Grandmother holding grandchildAdults' knowledge, good intentions, and skills are only part of the complex behavior story. Even the most willing adults are sometimes confounded by the nature of a child's reactions to events. The construct of temperament has been helpful for many early childhood professionals in understanding the inborn, biological differences that seem to cause children to have such unique responses to the world. Temperament does not predetermine behavior nor is it an excuse for behavior. However, being alert to temperament can help adults understand why children react to events differently and provide individualized support in regulating those reactions.

Early personality researchers determined nine traits that appear to be biologically based, remain fairly constant over time, and affect a child's reactions to other people and the environment.1 Together, these nine traits are considered key components of the child's temperament:2

  1. Activity level: General level of motor activity (e.g., large and small muscle movement) when one is awake or asleep
  2. Distractibility: Ease with which one can be distracted or, conversely, the level of concentration or focus
  3. Intensity: Energy level of one's emotional response (positive and negative)
  4. Regularity: Predictability of biological functions (e.g., eating, sleeping, etc.)
  5. Sensitivity: Level of response to sensory experiences such as light, sound, textures, smells, and tastes
  6. Approachability: Initial response to new places, situations, or things
  7. Adaptability: Ease in adjusting to changes in routines and other transitions
  8. Persistence: Length of time one continues in activities in the face of obstacles
  9. Mood: Tendency to react to the world primarily in a positive or negative way

The original researchers realized that traits tended to appear in groups, and they called these groupings temperament types. They used the terms flexible, fearful, and feisty. This terminology has evolved over time. According to the Center for Early Childhood Mental Health Consultation,3 children who are easygoing (flexible) are generally happy and active children from birth. They adjust easily to new situations and environments and have predictable biological functions, such as eating and sleeping. Children who are slow to warm (fearful) are generally observant, calm, and often need extra time to adjust to new situations. Children with active temperaments (feisty) often have unpredictable biological functions and intense positive and negative reactions; they approach life with passion and enthusiasm.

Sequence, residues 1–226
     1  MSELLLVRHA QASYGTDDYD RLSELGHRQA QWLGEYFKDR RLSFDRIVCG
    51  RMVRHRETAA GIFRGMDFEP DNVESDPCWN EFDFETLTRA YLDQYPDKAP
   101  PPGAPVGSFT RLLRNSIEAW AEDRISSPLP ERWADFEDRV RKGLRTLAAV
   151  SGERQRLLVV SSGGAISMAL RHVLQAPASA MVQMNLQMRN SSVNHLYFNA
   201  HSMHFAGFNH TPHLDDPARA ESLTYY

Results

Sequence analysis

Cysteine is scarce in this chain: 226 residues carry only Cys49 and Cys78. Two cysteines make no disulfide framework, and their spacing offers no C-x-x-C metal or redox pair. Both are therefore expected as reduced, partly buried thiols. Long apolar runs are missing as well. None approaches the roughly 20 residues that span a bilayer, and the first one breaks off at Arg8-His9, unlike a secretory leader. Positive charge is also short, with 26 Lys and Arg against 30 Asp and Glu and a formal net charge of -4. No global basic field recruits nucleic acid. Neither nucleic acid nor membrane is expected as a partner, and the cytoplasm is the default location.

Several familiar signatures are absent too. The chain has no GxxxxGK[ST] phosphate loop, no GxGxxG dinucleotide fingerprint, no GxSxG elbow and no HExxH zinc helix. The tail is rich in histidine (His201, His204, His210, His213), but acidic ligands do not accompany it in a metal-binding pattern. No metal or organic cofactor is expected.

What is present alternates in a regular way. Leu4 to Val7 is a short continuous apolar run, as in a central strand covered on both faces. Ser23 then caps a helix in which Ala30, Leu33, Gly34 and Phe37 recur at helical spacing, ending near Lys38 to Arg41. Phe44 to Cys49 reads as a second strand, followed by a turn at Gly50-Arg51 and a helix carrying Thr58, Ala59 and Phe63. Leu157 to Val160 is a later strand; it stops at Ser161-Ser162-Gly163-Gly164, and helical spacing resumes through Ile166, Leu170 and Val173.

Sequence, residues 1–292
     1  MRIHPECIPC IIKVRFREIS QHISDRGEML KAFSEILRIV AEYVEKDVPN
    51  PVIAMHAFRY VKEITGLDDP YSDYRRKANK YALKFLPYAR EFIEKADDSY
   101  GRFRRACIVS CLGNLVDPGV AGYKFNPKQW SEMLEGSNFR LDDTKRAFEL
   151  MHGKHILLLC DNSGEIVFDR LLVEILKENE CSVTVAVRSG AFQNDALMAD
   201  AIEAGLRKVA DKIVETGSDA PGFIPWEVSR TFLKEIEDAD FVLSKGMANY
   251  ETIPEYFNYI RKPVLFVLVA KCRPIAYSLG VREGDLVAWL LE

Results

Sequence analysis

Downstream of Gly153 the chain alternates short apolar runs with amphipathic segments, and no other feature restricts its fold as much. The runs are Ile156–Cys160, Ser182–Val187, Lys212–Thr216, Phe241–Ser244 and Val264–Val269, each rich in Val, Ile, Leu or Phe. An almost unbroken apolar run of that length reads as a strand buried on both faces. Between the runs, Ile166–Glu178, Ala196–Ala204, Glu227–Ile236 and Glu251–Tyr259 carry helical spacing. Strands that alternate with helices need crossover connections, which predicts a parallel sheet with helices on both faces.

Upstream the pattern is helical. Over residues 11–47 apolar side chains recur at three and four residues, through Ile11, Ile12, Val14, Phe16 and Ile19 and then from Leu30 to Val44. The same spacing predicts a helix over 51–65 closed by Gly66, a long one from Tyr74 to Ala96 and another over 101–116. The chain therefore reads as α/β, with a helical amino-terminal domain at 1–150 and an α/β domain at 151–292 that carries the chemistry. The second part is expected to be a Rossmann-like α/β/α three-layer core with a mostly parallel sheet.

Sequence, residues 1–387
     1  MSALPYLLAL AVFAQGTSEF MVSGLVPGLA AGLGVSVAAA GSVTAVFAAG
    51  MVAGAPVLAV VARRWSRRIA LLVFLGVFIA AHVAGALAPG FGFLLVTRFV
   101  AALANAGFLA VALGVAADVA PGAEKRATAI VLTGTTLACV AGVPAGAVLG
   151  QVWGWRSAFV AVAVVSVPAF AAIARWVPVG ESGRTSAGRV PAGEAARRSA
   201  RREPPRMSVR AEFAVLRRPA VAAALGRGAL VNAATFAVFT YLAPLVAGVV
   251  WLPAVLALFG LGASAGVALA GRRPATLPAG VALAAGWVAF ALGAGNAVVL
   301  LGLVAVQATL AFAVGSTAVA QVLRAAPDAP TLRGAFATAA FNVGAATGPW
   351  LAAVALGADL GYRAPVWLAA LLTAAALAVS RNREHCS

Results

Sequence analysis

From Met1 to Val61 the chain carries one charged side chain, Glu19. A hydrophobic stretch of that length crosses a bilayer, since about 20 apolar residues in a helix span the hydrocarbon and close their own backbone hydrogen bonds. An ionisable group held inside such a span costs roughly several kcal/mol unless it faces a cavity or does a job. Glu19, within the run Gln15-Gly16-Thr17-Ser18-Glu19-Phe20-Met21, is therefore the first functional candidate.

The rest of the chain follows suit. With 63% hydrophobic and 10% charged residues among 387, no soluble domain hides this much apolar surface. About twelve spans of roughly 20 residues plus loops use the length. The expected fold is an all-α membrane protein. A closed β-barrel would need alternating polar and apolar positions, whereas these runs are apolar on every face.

Active children can be joyous when their caregivers and the environment are responsive to the way they operate. Temperament alone is neither good nor bad, but the match between the child's temperament and the expectations of the environment may or may not serve the child. For example, active, energetic adults might adore and feel "in tune" with an active child. Flexible adults may prefer children who are easygoing or even slow to warm. Adults who are slow-to-warm may sometimes feel overwhelmed by active children with overall high energy and intense emotional responses to situations and people.

1 Thomas, Alexander, Stella Chess, Herbert G. Birch, Margaret E. Hertzig, and Sam Korn, Behavioral Individuality in Early Childhood (New York: New York University Press, 1963).

2 U.S. Department of Health and Human Services, Administration on Children, Youth and Families, Office of Head Start, Center for Early Childhood Mental Health Consultation, Introduction to Temperament (Washington, DC: Georgetown University, n.d.).

3 Ibid.